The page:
After the last post things started sinking in. Cargo ship. Two weeks on the Atlantic Ocean. Writing retreat. What the hell is even a writing retreat? I felt like I was going to Mars. And I came to think of the simulation they conducted in Russia, the ďMars-500Ē, where five people were isolated for 520 days to simulate a journey to Mars. I should do something similar. So I went to the country. My parents have a house in the south of Sweden, itís the house where my dad grew up, where my grandparents lived. Itís fairly isolated, on the back of the house is a small forest, on the front is a road where heavy trucks go by. Once youíre there you canít really get out. Once darkness falls itís dark. No streetlights. Just the dark woods behind you and the dark fields ahead of you and if the sky is clear, maybe some moonlight. You can put on a reflective yellow neon vest and walk down the road if you want but chances are still good youíll get run over by a truck. And itís a two hour walk to the nearest place where anything would be open or where you could take a bus to somewhere else. So youíre stuck. Unless you have a car but I donít, not even a drivers license. I am a perfect subject for this simulation.
People here are farmers. My grandparents grew and sold vegetables. In the last few years things have changed a bit though, one farm has become a farming museum. Another one has opened a sourdough bakery. A lot of people have devoted a barn or two to opening a vintage store and sell old furniture. People here know what the summer guests / city people like. One farmer has set up an old wagon with pumpkins for sale. I buy a beautiful orange one. I walk with my orange pumpkin through a corn field in the evening and Iím tempted to steal a corn cob, thereís thousands and no one would notice, but then I realise that this is not the kind of corn that tastes good for a human, itís for animals. I get home and roast the pumpkin but it tastes bad, turns out the pumpkin is for decoration, itís not the kind you eat either. Dumb city boy.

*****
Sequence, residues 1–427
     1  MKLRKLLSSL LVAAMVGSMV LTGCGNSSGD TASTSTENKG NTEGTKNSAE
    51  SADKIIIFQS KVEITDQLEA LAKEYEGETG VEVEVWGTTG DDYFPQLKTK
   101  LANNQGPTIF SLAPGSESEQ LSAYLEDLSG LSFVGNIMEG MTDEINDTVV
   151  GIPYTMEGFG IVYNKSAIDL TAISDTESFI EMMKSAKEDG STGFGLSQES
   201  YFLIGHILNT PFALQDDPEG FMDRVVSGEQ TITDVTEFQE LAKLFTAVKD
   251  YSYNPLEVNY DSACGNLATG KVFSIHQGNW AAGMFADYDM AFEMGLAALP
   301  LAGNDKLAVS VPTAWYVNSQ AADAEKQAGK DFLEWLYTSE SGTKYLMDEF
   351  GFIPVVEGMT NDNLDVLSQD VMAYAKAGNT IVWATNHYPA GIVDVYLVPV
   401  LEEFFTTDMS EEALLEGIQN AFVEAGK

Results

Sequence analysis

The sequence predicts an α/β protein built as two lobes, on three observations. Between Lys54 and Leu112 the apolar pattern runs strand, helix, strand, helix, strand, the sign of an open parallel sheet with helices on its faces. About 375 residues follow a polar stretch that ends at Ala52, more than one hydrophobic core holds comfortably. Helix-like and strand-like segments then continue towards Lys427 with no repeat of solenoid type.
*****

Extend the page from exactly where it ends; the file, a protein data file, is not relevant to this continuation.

When it gets dark I get tense. The loneliness and the silence is extreme. The radio helps, I listen to the night programs, the radio psychologists, the shipping forecast, the programs where they let crazy people call in. Classical music. The slightly less interesting radio documentaries. A whole hour about lichens. When I go to sleep I remember a trick - use earplugs and trick yourself that youíre actually surrounded by noise that youíre not hearing, to avoid going crazy from the silence. But then the fear of ghosts kicks in. I need to be able to hear them so I can make sure they donít sneak up on me. Not that Iíve ever encountered any during the 38 years Iíve been in this house, but Iíve never been here alone and those ghosts mightíve just waited for the right moment. Once the ghost fright kicks in itís useless trying to sleep. I turn the radio back on and just lie in bed, staring at the shadows. Iím thinking that maybe it was strategic of me to not get a drivers license. In that case I mightíve taken off now, taken the E6 back up to Gothenburg. I wouldíve been home in two hours. My comfty bed there. Every house sound there wouldíve had an explanation. A neighbor making a midnight sandwich, a dishwasher finishing itís shift. Instead Iím literally stuck here. I made so many choices like that in my twenties. I consciously avoided getting a decent apartment so that I wouldnít devote too much time to fixing my home. Avoided studying something that could get me a real job. Avoided getting over my fears and working through my problems. Avoided making rational decisions. Because in the back of my mind I knew that if I had a way out of pursuing my dream I would take it as soon as that dream started crumbling. I wanted to be stuck in my dream, through good times and bad times. I canít say Iím proud of these strategies, I was from time to time a burden on friends who had to help me with things. So I figured some of those things out but sometimes I curse the things Iíve achieved and learned that have opened new doors for me and given me more choices and possibilites. Being a prisoner of your own limitations has itís advantages. You need to nurture your monomania.
The second night I hear a sound from the woods that makes my blood freeze. It is an evil spirit that has eaten rusty tincans and smoked a hundred packs of cigarettes. Or it could also be a horny deer. One of those two things.